Hillicon Valley — Traffickers target Ukrainian refugees online
The same social media groups and communication apps connecting Ukrainian refugees with shelter and information are being leveraged by bad actors to exploit and traffic women fleeing the country. Experts say companies can do more to push back.
Meanwhile, former President Trump’s media and tech company is facing more legal scrutiny threatening to further delay the completion of a merger.
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Exploitation, trafficking concerns amplified
Bad actors are leveraging social media groups and communications apps to sexually exploit and traffic Ukrainians seeking shelter and information, amplifying concerns about those dangers in an already high-risk region.
- As the war continues and millions of Ukrainians, especially women and children, transition to border nations, potential traffickers are using the same digital spaces where refugees are looking for assistance to spread misinformation or pose as well-meaning volunteers to house those fleeing the conflict.
- Experts say tech companies could be doing more to protect Ukrainians from those threats amid an apparent rise in demand for trafficking victims from the besieged country.
“I find it really heartbreaking that at the moment when so many people are trying to protect vulnerable women and children, one of the first measurable reactions to the crisis was that men were going online in record breaking numbers trying to figure out how to sexually access those women,” said Val Richey, special representative and coordinator for combating trafficking in human beings at the Organization for Security and Co-operation in Europe (OSCE).
Data on upticks in human trafficking of Ukrainian women are only starting to emerge since Russia invaded four months ago. But a Thomson Reuters analysis found spikes across Europe for terms related to online demand for sex with Ukrainian women as news about the war spread across Europe.
The analysis found a 200 percent increase in Google searches for “Ukrainian escorts” in the United Kingdom between Feb. 27 and March 5 compared to the prior six months. The term “Ukrainian porn” increased 600 percent in Spain and 130 percent in Poland over the same period.
More legal trouble for Trump’s tech biz
The firm that merged with former President Trump’s social media company received federal grand jury subpoenas last week, the company disclosed in a Securities and Exchange Commission (SEC) filing Monday.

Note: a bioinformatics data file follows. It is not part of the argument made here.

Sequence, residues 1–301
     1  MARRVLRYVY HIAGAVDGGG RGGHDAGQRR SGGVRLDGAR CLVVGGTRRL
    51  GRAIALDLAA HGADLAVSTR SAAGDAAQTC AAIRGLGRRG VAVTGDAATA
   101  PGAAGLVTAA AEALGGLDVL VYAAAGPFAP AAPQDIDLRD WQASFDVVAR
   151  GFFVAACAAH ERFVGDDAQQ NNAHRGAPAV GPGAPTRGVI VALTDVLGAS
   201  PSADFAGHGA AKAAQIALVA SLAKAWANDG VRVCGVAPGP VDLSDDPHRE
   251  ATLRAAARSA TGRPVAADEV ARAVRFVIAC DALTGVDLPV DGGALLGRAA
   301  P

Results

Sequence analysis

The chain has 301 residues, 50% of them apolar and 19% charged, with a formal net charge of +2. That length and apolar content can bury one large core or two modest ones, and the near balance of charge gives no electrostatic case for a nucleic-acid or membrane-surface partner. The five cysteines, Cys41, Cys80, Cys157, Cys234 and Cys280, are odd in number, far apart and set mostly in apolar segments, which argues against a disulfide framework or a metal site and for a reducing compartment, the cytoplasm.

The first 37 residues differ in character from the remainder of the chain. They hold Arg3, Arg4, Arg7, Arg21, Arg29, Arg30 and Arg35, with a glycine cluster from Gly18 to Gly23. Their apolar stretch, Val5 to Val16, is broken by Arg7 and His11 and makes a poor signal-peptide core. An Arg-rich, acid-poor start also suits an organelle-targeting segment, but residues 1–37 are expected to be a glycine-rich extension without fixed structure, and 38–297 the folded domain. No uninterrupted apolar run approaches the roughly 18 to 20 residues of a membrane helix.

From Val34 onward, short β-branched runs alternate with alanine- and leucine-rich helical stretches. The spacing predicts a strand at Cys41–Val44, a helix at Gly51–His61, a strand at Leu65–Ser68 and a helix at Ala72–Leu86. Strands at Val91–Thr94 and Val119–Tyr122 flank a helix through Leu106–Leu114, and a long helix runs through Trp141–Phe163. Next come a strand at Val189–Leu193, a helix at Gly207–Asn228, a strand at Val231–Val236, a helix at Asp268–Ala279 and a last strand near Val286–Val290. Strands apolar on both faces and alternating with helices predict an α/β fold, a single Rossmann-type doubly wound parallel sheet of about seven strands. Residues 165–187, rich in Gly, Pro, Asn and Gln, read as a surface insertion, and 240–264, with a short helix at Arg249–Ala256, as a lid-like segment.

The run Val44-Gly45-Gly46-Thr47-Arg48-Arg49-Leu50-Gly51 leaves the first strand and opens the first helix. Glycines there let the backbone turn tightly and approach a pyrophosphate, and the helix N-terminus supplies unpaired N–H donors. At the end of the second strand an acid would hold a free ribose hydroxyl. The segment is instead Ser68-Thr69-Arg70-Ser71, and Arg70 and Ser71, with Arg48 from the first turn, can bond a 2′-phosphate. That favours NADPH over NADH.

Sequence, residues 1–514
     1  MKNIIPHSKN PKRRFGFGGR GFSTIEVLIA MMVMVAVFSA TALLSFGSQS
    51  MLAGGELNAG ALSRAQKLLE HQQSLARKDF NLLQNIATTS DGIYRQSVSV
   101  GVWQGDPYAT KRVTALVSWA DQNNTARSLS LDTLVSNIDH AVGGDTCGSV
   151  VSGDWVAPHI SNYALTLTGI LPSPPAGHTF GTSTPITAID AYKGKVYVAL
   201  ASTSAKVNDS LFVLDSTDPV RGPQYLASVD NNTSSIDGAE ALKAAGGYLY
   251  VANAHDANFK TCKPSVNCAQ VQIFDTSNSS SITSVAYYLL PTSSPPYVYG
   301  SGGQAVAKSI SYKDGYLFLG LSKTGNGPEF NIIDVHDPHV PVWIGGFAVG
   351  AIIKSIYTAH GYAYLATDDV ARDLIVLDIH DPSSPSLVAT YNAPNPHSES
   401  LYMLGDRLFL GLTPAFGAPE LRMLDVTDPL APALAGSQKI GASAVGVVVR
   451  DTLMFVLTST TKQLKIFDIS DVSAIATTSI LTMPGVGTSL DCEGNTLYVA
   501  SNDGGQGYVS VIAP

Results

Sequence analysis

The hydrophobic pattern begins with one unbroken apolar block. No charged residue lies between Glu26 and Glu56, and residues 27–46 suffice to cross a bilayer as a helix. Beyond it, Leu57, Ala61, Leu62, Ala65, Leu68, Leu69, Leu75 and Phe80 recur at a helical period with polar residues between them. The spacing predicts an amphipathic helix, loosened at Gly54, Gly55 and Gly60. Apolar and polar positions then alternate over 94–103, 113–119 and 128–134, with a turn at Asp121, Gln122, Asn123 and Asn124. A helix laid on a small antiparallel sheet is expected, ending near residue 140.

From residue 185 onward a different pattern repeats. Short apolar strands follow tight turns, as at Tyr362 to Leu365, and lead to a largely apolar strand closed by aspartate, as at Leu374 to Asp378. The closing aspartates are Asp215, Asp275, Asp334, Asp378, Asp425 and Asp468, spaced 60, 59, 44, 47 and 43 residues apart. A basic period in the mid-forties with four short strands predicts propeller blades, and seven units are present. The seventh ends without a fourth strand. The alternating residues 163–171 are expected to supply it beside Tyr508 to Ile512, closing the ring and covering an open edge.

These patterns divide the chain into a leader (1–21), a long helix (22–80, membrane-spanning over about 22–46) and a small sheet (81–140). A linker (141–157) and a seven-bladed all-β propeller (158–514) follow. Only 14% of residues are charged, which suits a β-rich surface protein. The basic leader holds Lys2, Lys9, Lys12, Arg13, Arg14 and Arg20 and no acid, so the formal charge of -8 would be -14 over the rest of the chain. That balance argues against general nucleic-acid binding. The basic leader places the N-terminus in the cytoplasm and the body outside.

- A grand jury in the Southern District of New York issued subpoenas to each member of the board of directors of the special purpose acquisition company, or SPAC, that merged with the Trump Media and Technology Group.
- The latest subpoenas add to growing scrutiny of the deal. Federal regulators launched investigations into the merger between Trump’s company and Digital World Acquisition Corp, the SPAC, in December, just weeks after the merger was announced.
The new subpoenas seek some of the same documents as federal regulators, as well as requests for communications with or about “multiple individuals,” and information about Rocket One Capital, a Miami-based venture capital firm, according to Monday’s filing.
The investigation from the SEC and the Financial Industry Regulatory Authority is seeking information about events that took place before the public announcement.
SPACs, also known as blank check companies, are formed to raise capital through an initial public offering for the purpose of acquiring or merging with a company. But they are not supposed to have an acquisition target in mind as they raise money from investors.
LITHUANIAN WEBSITES HIT BY RUSSIAN CYBERATTACKS
Several public and private sector websites in Lithuania were temporarily down on Monday following a cyberattack reportedly carried out by a Russian-backed hacking group.
Lithuania’s acting director of the National Cyber Security Centre, Jonas Skardinskas, said the disruption was an ongoing distributed denial of service (DDoS) attack that targeted the country’s Secure National Data Transfer, as well as other governmental institutions and private companies.
“It is highly probable that such or even more intense attacks will continue into the coming days, especially against the communications, energy and financial sectors,” Skardinskas said.
A Russian-backed hacking group, known as Killnet, has claimed responsibility for the hack against Lithuania, according to multiple news reports
BITS & PIECES
An op-ed to chew on: It’s time to forge a transatlantic clean technology alliance
Notable links from around the web:
The #1 Period Tracker on the App Store Will Hand Over Data Without a Warrant (Motherboard / Samantha Cole)
With clock ticking, battle over tech regulation intensifies (The Washington Post / Cat Zakrzewski, Will Oremus, Gerrit De Vynck and Cristiano Lima)
The Biggest Privacy Risks In Post-Roe America (The Verge / Russell Brandom, Nicole Wetsman, Corin Faife, and Mary Beth Griggs)
Lighter click: Planetary conjunction
One more thing: Back at it
The House committee investigating the Jan. 6, 2021, attack on the Capitol announced a last-minute hearing for Tuesday after previously saying it would pause its series of meetings until July.
An advisory sent Monday said they would convene to “present recently obtained evidence” but provided no other details.
The committee last week said they would pause their hearings for two weeks given a wealth of new evidence.
“We’ve taken in some additional information that’s going to require additional work. So rather than present hearings that have not been the quality of the hearings in the past, we made a decision to just move into sometime in July,” Chairman Bennie Thompson (D-Miss.) told reporters last Wednesday.